Documentary On The Vaquita’s Plight Competes At Sundance

Published: Monday, January 28, 2019 - 4:39pm
Updated: Monday, January 28, 2019 - 7:10pm
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Kendal Blust/KJZZ
Crew members from Sea Shepherd Conservation Society's ship in the Sea of Cortez are featured in the documentary "Sea of Shadows."
Kendal Blust/KJZZ
Sea Shepherd Conservation Society's patrol ship in the Sea of Cortez is featured in the documentary "Sea of Shadows," showing now at the Sundance Film Festival.

A documentary about illegal poaching that’s threatening to wipe out the world’s most endangered marine mammal in Mexico’s Sea of Cortez has made its way to the Sundance Film Festival this year.

With fewer than 30 left, the small porpoise known as the vaquita marina is on the verge of extinction.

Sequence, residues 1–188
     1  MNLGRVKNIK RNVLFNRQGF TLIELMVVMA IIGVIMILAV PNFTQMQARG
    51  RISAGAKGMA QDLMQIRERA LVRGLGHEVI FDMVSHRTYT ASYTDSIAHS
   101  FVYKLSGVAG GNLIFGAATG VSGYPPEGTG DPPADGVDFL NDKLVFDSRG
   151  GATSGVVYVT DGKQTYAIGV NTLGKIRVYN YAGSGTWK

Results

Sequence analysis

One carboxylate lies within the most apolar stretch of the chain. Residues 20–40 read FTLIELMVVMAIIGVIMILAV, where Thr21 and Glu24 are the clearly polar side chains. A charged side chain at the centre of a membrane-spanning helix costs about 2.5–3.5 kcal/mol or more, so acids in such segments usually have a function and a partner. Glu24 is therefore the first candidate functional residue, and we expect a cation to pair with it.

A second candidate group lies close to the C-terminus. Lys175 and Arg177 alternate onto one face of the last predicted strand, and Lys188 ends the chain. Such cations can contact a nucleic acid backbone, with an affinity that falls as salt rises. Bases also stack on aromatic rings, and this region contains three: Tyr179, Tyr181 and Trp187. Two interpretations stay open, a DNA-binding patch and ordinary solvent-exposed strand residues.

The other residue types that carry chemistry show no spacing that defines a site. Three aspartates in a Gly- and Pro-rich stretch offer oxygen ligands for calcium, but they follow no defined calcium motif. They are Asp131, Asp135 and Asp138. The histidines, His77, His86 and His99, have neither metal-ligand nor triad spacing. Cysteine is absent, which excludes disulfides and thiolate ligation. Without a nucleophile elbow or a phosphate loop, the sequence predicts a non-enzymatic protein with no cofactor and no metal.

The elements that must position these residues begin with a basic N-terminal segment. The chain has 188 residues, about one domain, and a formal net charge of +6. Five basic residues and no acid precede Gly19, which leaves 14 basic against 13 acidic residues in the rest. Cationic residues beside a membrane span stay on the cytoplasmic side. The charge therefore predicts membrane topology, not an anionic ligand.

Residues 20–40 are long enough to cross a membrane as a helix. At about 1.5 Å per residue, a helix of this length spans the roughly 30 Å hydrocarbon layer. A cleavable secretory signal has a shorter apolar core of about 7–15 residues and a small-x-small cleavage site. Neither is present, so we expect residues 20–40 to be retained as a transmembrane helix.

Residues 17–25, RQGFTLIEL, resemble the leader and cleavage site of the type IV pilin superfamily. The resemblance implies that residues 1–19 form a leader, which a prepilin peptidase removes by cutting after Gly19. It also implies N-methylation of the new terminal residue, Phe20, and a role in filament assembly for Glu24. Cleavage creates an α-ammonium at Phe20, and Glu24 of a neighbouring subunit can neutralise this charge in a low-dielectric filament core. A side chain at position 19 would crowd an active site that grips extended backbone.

The new documentary “Sea of Shadows” delves into the threats against the little porpoise by looking at the world of illegal totoaba fish poaching in Mexico’s Sea of Cortez. The huge fish is known as the “cocaine of the sea” because its swim bladder is so lucrative on the black market in China.

But the nets used to catch the totoaba fish are considered the leading threat to the vaquita marina.

The documentary explores the world of Mexican drug cartels and Chinese smugglers who traffic the totoaba swim bladders. And the efforts of scientists, conservationists and fishermen who are fighting protect the vaquita marina.

The film, produced by Leonardo DiCaprio and directed by Richard Ladkani, is competing in the Sundance World Documentary category.

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